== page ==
Croteau Lake, with Mount Albert Edward in background, Strathcona Park
Sitka Valerean, Strathcona Park
As observed by Dobrowski et al, all official planning, including the much-touted Key Biodiversity Areas ( KBAs) programme, which is central to Canada’s biodiversity conservation plan, Pathway to Canada Target 1, essentially remain products of a static boundary approach.
The political interest in KBAs, and in Pathway to Canada, lies not in conservation per se, but in conservation that still prioritizes and preserves the economic interests of industry. In the KBAs own phrasing, data and boundaries “can help guide conservation investments and inform where development can occur.” KBAs are based on the twin assumptions that governments can continue to promote business as usual, while climate change is stabilized at 1.5 degrees Celsius. For reasons outlined above, we will pass 1.5 degrees Celsius by 2030 and if we continue business-as-usual, in the most optimistic scenario we will exceed 2.4 degrees Celsius. Neither of these assumptions is commensurate with the reality we face. While KBAs are an improvement, they do not represent the kind of dynamic approach needed to preserve biodiversity in the face of climate change.
Bedwell Lake, with Mount Tom Taylor in background, Strathcona Park
Current park planning is now as obsolescent as BC’s road and drainage infrastructure planning. Just as the atmospheric rivers tested British Columbia’s engineering standards, and will call for an increase in standards as well as re-assessments of the limits of those standards and a revision of the viability of projects, they also threaten the future of Strathcona Provincial Park and other protected areas. Until now climate change has been treated as a remote afterthought in the idyllic mountains of Vancouver Island. This can no longer be the case. Climate change is not an abstract concept. It threatens all conservation areas in ways for which traditional conservation and park planning are possibly even more woefully unprepared than were BC’s Emergency Services and Ministry of Transportation for recent events that were long forecast.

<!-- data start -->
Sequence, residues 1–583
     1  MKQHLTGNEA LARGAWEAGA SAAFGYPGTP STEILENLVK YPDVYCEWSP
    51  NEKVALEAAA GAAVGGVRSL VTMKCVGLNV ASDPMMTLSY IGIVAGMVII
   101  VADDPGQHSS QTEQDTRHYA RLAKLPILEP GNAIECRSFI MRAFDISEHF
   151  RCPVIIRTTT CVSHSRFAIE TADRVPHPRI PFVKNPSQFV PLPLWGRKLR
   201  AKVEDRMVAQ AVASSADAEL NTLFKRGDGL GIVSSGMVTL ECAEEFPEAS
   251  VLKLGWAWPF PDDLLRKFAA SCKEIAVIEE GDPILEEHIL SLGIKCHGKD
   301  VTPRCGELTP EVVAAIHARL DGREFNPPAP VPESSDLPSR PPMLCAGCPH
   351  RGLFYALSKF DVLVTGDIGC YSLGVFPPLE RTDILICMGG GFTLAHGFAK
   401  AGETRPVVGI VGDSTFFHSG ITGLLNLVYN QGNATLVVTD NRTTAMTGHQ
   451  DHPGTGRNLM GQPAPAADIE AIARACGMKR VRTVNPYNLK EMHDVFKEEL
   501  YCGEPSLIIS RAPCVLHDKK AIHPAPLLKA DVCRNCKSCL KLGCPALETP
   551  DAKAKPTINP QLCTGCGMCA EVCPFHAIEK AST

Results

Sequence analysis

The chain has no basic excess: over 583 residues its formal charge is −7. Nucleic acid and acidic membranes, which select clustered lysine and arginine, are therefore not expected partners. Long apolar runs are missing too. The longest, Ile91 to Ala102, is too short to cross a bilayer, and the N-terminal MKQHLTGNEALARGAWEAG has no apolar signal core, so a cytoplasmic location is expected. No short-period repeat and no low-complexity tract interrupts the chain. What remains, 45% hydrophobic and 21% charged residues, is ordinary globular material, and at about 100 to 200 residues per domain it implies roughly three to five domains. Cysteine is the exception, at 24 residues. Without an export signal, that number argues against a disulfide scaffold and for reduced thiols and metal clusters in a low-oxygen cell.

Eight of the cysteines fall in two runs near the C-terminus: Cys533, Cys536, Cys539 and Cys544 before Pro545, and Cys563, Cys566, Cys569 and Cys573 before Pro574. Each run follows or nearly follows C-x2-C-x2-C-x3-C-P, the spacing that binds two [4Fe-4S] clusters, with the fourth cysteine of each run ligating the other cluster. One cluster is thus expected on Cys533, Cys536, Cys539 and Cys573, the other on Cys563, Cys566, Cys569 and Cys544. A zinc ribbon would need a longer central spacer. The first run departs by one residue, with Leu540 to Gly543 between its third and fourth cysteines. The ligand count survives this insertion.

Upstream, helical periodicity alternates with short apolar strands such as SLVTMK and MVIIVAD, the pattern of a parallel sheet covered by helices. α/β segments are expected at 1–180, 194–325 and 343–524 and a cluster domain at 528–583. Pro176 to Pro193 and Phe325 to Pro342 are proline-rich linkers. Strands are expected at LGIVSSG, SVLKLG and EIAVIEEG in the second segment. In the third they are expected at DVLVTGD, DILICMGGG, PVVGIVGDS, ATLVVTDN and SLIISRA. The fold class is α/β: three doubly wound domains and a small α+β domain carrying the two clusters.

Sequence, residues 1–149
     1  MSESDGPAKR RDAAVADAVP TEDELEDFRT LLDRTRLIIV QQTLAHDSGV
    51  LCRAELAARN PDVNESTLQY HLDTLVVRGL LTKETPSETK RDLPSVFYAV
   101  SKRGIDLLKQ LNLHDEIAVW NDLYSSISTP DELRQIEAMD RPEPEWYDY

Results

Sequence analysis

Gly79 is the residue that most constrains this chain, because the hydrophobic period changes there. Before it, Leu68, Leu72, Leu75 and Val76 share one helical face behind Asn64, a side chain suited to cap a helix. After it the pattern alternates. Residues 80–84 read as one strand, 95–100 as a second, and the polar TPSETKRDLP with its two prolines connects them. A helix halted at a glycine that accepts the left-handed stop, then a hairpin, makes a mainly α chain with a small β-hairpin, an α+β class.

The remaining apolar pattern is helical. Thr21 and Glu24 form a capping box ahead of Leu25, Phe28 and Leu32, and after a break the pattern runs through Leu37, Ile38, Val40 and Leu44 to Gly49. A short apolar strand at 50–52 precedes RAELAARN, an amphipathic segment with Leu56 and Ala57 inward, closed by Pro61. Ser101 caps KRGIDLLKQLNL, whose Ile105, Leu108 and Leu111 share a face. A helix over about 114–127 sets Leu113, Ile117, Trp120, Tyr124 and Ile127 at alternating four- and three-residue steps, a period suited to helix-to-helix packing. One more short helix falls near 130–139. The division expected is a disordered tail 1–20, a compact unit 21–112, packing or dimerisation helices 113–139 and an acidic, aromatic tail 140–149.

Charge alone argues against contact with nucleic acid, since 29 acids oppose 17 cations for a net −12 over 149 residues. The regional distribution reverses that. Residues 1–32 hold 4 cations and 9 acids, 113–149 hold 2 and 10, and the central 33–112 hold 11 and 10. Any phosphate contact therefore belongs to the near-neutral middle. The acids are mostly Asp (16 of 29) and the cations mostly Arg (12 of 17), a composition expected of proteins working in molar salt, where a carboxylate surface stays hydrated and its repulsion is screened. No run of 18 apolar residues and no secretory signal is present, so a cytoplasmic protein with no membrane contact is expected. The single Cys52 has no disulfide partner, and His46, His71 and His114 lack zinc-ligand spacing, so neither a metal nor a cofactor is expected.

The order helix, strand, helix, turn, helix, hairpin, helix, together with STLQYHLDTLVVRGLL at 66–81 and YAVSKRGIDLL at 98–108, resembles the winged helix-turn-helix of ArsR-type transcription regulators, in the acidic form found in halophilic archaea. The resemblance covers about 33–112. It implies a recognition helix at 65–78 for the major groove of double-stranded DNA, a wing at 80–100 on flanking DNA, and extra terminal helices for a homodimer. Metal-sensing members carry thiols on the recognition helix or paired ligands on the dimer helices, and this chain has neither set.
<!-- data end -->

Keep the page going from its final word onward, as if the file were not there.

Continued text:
To understand what the heat dome and the atmospheric rivers mean for Strathcona Park and other protected areas, it may be instructive to learn from what is already unfolding in the iconic Yosemite and Sequoia National Parks. Ever since the establishment of Yosemite, first as a “protected area” in 1864 and then as a national park in 1890, parks were set aside as representative conservation areas of regional ecosystems. The assumption was that the environment and ecosystems in which they were set would remain relatively unchanged for centuries. Changes we witness today give the lie to that assumption.